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What on earth is a near miss? And why should I care…

To make this terminology slightly more accessible – a ‘near miss’ could simply be called a ‘close call.’

What on earth is a near miss?It’s any time that someone in your workplace might have narrowly avoided injury or harm. Sounds like the best result right? An injury avoided! Great, let’s get on with our work. But actually near misses are worth a closer look.

It may sound boring and you are probably thinking, ‘Of course, the health and safety people want to investigate that near miss further.’ Perhaps you think this may be a waste of time, effort and money. After all, no one was hurt. But actually near misses – from a safety management perspective – are invaluable. Why? Well, not only did no one get hurt (yippee!) but they are also brilliant opportunities to learn about the hazards and risks in your workplace.

What’s our advice about how to use near miss data?

Essentially, as a business owner or a manager, you are trying to create a workplace that means your people will go home every night to their families happy, healthy and alive. This means, you need to recognise possible hazards and reduce the risk of injury and harm. So, it’s worthwhile starting to look at near misses as great indications of what hazards need to be addressed to improve safety in your workplace.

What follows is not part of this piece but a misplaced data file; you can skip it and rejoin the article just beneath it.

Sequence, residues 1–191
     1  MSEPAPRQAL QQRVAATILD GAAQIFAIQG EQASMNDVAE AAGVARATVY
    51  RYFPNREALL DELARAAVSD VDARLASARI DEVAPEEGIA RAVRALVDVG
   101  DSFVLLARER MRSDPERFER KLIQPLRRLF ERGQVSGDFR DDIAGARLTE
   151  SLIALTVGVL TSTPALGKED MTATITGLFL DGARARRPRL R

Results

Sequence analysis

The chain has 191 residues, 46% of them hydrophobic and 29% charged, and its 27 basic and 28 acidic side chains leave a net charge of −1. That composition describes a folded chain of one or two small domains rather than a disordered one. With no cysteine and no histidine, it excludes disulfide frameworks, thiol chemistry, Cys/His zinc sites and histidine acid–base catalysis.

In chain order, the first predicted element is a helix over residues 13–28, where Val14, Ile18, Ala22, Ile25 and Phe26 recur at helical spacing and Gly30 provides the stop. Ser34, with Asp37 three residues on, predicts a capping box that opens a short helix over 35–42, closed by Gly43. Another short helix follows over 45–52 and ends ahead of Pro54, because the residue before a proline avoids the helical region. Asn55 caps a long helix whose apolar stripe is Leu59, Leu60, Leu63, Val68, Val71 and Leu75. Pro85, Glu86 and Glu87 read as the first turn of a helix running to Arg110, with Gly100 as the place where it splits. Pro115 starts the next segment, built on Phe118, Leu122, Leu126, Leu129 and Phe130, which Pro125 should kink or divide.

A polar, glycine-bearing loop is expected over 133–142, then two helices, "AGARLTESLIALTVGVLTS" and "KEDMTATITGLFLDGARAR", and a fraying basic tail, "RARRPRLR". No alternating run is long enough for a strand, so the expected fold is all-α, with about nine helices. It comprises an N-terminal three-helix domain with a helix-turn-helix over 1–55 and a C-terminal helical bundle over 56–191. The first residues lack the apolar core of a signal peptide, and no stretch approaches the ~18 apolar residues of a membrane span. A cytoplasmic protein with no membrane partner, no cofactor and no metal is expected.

“Start to build a culture of reporting near misses. If near misses are reported and then properly addressed, you are doing your job to protect the health and safety of your people.”

It’s also important to note here that an organisation may be prosecuted in the case of a near miss. Yes, this can be the case even when no one has been injured. Why? Well, in some cases it may be deemed negligent of a company to have exposed people to risk – whether the likelihood of that risk is high or low. So, even more incentive to get your staff in the habit of reporting near misses.

So how can you promote and improve your near miss reporting?

  • Ask your staff at meetings of near misses that they have been involved with, and
  • Make ‘near miss’ reporting clear, simple and easy!

Once you start to get staff reporting ‘near misses’, don’t forget to establish controls to ensure that the likelihood of the ‘event’ occurring again in the future is reduced. Once you have reduced the potential impact of the hazard, then, you are doing your job – and doing it really well.

Near miss data is great information and can really help you build a stronger safety management system and this in turn can really help to decrease the chance of accidents from happening.

If you need any support with accidents or near miss information please just ask joanne@chestnutassociates.co.uk